eLetters

24 e-Letters

published between 2020 and 2023

  • Response to Weydt et al

    We thank Dr Weydt and colleagues for their interest in our review. We are aware of the subjective benefit of cannabinoids reported by some living with multiple sclerosis, and a trial of THC:CDB spray is also approved by the UK’s National Institute for Health & Care Excellence (NICE). The CANALS study mentioned, in which PLS patients were well represented (28% of treatment arm and 20% of placebo arm), was a Phase 2 study powered to consider safety and tolerability. Adverse events were reported in 76% of the treatment group versus 27% in the placebo group. A reduction in the clinician’s Modified Ashworth Spasticity scale score was noted, and in the patient’s numeric rating scale score for pain, but not their scores for spasm or spasticity. In the discussion, the authors note that muscle cramping was not alleviated in a prior randomised trial of THC in ALS (1). We agree with their call for further evaluation, through a Phase 3 study of the benefit of cannabinoids over the licensed therapies for spasticity outlined in our review.

    Reference:

    1. Weber M, Goldman B, Truniger S. Tetrahydrocannabinol (THC) for cramps in amyotrophic lateral sclerosis: a randomised, double-blind crossover trial. J Neurol Neurosurg Psychiatry. 2010 Oct;81(10):1135-40. doi: 10.1136/jnnp.2009.200642. PMID: 20498181.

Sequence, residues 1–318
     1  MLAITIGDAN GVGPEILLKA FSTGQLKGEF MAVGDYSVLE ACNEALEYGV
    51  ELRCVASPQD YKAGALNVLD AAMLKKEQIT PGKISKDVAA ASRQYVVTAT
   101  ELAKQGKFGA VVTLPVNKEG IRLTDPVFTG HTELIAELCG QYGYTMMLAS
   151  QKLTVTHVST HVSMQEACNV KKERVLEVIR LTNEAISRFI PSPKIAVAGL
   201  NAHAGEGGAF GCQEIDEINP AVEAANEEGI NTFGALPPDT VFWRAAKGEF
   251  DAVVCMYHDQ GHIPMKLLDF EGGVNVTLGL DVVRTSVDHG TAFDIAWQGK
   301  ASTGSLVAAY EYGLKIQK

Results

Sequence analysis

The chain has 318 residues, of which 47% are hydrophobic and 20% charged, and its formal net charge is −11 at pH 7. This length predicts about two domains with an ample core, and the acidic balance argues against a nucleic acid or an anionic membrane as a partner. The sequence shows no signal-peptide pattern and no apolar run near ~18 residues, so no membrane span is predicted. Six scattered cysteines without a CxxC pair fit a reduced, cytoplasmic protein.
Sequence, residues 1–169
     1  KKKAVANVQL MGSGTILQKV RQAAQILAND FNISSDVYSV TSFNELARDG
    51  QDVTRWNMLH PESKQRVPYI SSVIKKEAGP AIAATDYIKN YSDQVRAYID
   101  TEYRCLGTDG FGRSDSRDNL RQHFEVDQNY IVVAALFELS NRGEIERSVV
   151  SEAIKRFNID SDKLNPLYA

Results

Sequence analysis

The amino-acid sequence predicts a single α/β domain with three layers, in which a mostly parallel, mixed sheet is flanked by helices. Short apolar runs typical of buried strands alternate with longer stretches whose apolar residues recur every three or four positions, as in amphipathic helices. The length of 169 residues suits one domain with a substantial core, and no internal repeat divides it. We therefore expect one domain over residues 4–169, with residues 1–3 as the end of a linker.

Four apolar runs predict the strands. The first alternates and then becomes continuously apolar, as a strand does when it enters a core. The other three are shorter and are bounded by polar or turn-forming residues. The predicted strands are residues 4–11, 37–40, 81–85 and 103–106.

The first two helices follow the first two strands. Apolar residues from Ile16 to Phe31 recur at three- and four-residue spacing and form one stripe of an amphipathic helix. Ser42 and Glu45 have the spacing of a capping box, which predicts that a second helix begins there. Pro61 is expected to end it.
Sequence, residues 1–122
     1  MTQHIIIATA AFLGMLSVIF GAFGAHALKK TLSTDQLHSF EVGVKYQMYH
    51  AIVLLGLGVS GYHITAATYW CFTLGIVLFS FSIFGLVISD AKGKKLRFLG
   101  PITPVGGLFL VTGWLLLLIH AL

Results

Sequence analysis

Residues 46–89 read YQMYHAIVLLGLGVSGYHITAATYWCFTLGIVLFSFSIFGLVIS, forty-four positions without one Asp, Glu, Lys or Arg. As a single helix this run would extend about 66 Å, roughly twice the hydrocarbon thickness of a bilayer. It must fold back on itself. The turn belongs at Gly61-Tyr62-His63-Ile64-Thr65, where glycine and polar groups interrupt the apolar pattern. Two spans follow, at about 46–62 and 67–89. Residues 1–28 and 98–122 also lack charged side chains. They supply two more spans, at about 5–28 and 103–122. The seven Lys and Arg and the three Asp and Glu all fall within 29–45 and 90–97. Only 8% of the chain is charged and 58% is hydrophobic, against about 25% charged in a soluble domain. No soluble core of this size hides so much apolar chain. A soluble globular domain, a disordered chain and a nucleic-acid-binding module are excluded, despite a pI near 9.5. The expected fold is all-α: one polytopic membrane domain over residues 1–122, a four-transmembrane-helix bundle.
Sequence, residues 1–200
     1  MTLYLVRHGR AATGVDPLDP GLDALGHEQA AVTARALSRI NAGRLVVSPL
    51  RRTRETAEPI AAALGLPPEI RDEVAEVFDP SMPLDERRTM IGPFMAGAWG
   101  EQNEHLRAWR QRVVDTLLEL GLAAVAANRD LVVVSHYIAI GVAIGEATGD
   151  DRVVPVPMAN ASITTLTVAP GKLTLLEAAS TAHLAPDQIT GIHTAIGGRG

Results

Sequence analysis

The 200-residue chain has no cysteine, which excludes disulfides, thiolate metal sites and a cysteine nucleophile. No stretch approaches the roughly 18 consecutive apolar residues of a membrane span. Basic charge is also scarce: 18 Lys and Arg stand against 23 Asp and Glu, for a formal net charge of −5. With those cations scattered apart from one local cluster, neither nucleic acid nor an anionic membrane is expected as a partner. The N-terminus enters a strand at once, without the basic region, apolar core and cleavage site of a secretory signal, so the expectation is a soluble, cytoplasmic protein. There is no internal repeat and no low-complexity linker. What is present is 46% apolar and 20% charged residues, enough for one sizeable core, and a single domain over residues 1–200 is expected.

• Oh No, Not DaT Again

    It gives more discomfort than pleasure to comment on DaT scanning again but your editorial [1] prompted me to find out that the number of DaTscans carried out in England is increasing yearly, from 4550 in 2012/3 to 8840 in 2018/9. A trip to the dentist might have been wiser, my long-expressed opinion (based on the fundamental principles that let down 18FDopa PET) being that the DaTscan is a waste of time, radiation and money [2]. In brief it is a low resolution, inadequately sensitive, inadequately reproducible test with too many false negatives and little knowledge of confounding influences. The acronym SWEDD has, mercifully, been consigned to the dustbin[3] but we don’t have the neuropathological studies or large and long-term blinded follow-up studies, in patients and healthy individuals, despite the many tests and years since its commercial introduction, that would tell the true false positive and negative rate of the test. We can’t then confidently say how strongly a normal result argues against a clinical diagnosis of PD. Neurology is not the only specialty that uses DaTscan and indication-creep (good for the shareholder, bad for the taxpayer) means that it is also being used to distinguish Lewy Body Dementia from Alzheimer’s Dementia despite limited supportive data (4). It must also be remembered that the test measures biochemistry, not pathology; the statement in the case presentation [5] “a DaTscan was normal, with no evidence of degenerative Parkinsonism” is...

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  • Personalising secondary prevention for stroke: the importance of considering multiple aetiologies